Any of numerous aquatic, chiefly marine invertebrate animals of the phylum Porifera. Sponges characteristically have a porous skeleton, usually containing an intricate system of canals, that is composed of fibrous material or siliceous or calcareous spicules. Water passing through the pores brings food to the organism. Sponges live in all depths of the sea, are sessile, and often form irregularly shaped colonies attached to an underwater surface. Sponges are considered the most primitive members of the animal kingdom, since they lack a nervous system and differentiated body tissues or organs. Adults do not have moving parts, but the larvae are free-swimming. Sponges have great regenerative capacities, with some species able to regenerate a complete adult organism from fragments as small as a single cell. Sponges first appear during the early Cambrian Period and may have evolved from protozoa. Also called poriferan. See Note at regeneration.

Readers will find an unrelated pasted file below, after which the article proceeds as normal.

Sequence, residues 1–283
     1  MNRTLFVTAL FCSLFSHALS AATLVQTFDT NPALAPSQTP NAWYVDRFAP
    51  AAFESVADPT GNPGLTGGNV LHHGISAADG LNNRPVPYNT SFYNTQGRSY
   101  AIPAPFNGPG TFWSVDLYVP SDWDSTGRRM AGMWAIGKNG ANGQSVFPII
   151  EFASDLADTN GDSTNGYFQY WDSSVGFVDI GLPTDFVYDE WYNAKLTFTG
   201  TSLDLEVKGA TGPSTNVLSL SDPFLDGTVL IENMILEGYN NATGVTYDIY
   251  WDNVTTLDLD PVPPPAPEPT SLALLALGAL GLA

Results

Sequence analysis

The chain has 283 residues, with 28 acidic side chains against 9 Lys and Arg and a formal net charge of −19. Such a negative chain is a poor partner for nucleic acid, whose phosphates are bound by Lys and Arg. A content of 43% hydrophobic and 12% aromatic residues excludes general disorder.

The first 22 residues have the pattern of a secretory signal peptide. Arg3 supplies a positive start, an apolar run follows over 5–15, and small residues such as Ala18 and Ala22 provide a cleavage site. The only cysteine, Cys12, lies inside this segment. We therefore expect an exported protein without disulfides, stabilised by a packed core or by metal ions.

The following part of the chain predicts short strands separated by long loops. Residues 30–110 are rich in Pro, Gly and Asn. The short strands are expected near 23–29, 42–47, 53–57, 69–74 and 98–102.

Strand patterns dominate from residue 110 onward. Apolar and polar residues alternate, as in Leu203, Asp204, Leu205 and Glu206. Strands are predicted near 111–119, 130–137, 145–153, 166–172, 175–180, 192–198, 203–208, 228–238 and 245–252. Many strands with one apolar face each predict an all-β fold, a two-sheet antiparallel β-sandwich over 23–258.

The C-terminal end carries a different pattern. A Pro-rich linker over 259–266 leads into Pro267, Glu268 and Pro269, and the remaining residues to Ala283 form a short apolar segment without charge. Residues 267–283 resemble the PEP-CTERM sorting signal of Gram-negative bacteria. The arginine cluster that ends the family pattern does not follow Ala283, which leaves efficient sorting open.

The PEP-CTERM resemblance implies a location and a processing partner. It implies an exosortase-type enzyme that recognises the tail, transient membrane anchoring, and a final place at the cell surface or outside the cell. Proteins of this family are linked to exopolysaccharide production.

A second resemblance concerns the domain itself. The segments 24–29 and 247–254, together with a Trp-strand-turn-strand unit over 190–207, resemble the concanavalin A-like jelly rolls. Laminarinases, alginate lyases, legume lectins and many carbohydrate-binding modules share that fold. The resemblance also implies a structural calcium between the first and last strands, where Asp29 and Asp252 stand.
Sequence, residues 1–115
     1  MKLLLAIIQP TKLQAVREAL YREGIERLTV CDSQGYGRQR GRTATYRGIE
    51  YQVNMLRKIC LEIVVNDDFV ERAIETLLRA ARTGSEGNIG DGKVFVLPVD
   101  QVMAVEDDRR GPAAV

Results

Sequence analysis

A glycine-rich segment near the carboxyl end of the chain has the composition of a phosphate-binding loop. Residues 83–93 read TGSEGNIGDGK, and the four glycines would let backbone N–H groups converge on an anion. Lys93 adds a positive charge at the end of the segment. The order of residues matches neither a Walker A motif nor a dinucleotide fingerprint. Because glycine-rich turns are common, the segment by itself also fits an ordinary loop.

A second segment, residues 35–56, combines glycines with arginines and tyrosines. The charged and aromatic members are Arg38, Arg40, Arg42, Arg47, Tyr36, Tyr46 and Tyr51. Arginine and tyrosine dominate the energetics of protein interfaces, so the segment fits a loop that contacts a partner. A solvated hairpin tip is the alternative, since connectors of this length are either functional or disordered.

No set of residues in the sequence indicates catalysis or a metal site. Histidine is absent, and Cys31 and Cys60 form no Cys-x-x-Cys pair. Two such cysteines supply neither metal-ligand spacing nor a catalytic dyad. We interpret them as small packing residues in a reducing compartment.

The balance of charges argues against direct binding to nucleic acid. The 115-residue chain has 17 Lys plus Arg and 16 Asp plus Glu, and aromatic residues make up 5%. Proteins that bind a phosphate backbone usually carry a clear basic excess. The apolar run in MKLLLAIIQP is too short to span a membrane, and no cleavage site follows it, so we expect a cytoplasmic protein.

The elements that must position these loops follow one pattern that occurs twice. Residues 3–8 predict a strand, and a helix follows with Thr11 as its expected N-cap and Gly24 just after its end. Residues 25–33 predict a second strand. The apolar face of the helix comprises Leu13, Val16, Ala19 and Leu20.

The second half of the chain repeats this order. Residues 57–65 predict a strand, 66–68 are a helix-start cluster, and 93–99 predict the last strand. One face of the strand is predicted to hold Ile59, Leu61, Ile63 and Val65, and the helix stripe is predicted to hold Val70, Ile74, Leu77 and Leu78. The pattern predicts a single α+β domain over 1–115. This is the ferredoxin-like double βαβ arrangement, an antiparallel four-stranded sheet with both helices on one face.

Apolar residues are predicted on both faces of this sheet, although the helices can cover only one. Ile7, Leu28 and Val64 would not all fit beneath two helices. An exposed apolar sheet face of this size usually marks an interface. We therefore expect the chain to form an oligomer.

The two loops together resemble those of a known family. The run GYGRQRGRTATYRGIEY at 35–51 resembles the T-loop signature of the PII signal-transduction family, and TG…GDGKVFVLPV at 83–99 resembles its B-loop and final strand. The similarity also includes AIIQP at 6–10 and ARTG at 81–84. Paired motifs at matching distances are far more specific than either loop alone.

The light, fibrous, flexible, absorbent skeleton of certain of these organisms, used for bathing, cleaning, and other purposes.
A piece of porous plastic, rubber, cellulose, or other material, similar in absorbency to this skeleton and used for the same purposes.